European Union leaders will decide on Thursday to prolong until the end of January 2020 economic sanctions against Russia over the turmoil in Ukraine and call on Moscow to help bring to justice those guilty of shooting down a passenger plane there in 2014.
The EU introduced sanctions on Russia after Moscow annexed Crimea from Ukraine in March 2014 and went on to support the regions in the east of the country, pursuing to separate from Kyiv. That conflict is still simmering.
The EU’s economic sanctions against Moscow over Ukraine include curbs on Russian energy, defence and financial sectors and are currently in place until the end of July.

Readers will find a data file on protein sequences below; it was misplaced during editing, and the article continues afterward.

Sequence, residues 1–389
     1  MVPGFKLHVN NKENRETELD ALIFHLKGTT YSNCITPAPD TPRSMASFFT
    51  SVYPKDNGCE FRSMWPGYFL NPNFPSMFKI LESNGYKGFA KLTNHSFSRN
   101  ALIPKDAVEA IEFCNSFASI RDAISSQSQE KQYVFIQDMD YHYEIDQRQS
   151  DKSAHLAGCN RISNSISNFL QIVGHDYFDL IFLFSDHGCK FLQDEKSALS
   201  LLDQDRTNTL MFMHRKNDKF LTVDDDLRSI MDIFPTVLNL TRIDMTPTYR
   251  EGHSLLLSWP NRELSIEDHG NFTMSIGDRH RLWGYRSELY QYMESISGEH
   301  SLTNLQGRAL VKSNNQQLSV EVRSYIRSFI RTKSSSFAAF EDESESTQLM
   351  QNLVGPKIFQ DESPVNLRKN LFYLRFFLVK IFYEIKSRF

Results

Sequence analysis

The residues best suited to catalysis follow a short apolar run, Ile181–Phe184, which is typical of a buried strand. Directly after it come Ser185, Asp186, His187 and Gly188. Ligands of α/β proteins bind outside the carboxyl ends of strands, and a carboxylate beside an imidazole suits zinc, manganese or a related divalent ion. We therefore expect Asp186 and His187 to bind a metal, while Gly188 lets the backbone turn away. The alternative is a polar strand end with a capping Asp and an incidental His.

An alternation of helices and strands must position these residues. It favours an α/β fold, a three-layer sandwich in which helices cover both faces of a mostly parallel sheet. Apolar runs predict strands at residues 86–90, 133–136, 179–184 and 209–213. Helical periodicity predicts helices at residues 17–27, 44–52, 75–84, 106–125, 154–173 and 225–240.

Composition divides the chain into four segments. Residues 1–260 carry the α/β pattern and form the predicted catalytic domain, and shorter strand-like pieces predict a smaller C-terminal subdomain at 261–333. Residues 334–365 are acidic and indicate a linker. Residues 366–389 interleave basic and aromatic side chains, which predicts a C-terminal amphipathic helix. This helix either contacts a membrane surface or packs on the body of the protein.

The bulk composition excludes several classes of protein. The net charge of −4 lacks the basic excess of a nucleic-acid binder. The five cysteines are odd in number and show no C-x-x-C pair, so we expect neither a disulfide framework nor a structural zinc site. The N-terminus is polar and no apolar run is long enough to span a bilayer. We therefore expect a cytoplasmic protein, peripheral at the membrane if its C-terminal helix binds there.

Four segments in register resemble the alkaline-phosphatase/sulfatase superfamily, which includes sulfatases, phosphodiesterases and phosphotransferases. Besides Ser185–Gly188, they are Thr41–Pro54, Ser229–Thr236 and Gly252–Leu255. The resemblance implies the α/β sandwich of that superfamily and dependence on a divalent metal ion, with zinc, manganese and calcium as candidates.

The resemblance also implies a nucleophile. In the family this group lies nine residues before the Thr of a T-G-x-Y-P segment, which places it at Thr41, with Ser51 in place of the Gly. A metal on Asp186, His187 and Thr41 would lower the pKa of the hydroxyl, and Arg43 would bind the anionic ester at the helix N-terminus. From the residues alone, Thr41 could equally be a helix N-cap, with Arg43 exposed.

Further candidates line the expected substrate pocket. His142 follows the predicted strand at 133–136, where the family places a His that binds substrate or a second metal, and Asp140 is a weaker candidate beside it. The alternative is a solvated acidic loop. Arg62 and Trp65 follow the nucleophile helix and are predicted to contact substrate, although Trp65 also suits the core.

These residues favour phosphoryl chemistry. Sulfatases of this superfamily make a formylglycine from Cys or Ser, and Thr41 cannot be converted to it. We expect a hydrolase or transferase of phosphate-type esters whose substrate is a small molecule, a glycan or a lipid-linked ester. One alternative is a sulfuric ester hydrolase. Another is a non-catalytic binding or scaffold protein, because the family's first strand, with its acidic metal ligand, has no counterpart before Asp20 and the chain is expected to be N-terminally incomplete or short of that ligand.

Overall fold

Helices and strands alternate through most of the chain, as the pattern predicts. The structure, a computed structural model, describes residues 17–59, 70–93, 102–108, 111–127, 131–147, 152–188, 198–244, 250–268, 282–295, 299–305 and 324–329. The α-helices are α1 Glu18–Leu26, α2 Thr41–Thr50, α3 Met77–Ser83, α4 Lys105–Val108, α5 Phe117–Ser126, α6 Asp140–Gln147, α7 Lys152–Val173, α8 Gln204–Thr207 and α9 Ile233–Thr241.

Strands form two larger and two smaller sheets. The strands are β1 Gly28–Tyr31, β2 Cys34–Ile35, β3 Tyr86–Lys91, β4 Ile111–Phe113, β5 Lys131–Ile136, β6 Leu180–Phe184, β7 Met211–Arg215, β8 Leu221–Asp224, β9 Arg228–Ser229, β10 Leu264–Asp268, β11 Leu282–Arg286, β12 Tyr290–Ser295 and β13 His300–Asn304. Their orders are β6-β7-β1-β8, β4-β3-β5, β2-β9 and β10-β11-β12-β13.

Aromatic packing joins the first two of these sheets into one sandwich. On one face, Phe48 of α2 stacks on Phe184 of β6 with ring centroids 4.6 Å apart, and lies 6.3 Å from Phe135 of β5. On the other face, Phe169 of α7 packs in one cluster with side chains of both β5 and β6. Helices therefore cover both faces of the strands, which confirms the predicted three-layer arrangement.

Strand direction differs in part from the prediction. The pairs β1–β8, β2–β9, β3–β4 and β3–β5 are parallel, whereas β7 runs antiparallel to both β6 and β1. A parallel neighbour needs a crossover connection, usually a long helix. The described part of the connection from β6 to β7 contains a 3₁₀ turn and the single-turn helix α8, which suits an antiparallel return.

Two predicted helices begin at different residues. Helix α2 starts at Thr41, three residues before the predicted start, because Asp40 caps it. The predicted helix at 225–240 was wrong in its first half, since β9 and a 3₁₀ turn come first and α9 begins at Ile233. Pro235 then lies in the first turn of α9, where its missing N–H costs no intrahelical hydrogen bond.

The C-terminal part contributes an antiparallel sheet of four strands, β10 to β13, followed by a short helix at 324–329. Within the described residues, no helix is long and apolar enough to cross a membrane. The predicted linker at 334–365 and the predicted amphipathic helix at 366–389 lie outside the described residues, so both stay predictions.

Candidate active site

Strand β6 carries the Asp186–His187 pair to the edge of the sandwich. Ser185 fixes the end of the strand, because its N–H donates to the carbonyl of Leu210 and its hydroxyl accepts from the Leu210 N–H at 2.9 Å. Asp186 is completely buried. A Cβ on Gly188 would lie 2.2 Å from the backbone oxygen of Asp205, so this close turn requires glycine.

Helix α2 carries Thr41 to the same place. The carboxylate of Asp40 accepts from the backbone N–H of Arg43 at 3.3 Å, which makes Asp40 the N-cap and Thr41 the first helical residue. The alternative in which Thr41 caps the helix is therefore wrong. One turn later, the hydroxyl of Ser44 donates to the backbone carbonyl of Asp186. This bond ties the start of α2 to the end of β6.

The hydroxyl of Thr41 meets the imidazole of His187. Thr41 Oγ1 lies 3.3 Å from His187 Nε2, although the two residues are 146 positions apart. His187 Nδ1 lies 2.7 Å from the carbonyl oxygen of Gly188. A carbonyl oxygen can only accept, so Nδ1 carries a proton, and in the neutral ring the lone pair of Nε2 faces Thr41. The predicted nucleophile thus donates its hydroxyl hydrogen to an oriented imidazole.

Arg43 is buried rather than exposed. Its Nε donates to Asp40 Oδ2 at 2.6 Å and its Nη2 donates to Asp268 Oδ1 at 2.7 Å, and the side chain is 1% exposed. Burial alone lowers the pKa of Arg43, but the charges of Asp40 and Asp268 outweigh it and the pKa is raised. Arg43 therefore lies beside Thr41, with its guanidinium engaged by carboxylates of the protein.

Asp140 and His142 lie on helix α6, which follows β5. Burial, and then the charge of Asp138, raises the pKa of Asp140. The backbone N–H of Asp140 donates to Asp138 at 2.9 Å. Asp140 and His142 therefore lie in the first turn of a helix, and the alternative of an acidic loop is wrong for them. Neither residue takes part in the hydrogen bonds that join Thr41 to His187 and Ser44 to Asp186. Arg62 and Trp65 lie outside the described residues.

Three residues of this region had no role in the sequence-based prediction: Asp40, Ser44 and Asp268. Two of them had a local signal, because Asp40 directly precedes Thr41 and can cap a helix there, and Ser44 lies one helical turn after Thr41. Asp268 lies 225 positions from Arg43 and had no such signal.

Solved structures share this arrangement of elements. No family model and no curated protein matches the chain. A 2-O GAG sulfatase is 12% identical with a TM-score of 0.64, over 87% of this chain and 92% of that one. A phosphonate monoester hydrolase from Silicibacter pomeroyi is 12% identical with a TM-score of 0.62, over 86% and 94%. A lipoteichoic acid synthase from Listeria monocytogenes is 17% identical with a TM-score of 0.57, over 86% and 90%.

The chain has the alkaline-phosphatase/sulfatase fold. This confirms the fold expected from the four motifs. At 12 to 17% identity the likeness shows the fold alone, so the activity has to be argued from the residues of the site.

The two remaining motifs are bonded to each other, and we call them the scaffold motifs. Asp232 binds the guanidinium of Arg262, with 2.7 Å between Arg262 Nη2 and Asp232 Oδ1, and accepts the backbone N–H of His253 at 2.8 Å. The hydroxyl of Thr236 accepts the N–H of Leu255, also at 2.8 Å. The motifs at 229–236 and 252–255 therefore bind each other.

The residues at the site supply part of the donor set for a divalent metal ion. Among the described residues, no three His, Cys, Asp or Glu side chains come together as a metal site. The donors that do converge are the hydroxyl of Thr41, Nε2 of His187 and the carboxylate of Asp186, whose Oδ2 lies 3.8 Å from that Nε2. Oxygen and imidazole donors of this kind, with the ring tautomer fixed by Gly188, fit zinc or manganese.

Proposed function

The EU’s Russia hawks Poland and Lithuania are among those pushing to extend the bloc’s punitive measures against Moscow over the passport issue. But any new EU sanctions would require unanimity among all the 28 national leaders of the bloc and no new sanctions are expected swiftly as most others – including Italy, Germany and France – are opposed.
The leaders will, however, say on Thursday that the bloc “stands ready to consider further options, including non-recognition of Russian passports” issued in east Ukraine which undermine the peace process.